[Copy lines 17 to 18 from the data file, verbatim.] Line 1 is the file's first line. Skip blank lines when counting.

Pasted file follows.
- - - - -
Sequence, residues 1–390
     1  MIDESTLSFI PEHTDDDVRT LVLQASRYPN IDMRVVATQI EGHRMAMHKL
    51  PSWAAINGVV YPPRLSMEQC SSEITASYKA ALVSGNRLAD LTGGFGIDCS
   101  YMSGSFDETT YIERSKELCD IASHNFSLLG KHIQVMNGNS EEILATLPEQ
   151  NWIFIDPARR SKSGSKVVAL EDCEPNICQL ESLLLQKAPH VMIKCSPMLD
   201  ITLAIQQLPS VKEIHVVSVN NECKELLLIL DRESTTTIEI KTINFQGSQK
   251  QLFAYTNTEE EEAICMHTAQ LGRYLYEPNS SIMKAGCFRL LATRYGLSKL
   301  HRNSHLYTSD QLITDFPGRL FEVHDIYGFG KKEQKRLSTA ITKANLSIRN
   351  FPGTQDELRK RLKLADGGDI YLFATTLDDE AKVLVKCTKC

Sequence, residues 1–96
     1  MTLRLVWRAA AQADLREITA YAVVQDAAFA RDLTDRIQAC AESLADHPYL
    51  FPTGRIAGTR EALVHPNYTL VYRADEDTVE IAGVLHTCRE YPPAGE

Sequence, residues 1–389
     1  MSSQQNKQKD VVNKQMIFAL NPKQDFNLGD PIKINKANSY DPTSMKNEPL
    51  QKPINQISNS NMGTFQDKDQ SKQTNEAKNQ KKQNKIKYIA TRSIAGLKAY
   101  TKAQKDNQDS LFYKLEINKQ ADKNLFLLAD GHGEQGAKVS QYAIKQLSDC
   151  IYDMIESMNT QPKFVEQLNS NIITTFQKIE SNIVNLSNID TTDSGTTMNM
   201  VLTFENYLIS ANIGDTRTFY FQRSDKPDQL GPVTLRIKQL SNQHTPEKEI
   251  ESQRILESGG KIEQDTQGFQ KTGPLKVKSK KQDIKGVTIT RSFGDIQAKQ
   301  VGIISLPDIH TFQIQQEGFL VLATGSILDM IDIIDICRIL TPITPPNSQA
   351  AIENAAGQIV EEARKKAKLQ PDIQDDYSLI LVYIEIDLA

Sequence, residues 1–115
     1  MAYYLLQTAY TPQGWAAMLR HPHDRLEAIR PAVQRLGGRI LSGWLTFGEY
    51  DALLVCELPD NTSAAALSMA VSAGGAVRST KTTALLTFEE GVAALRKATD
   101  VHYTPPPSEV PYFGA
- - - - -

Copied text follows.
   151  IYDMIESMNT QPKFVEQLNS NIITTFQKIE SNIVNLSNID TTDSGTTMNM
   201  VLTFENYLIS ANIGDTRTFY FQRSDKPDQL GPVTLRIKQL SNQHTPEKEI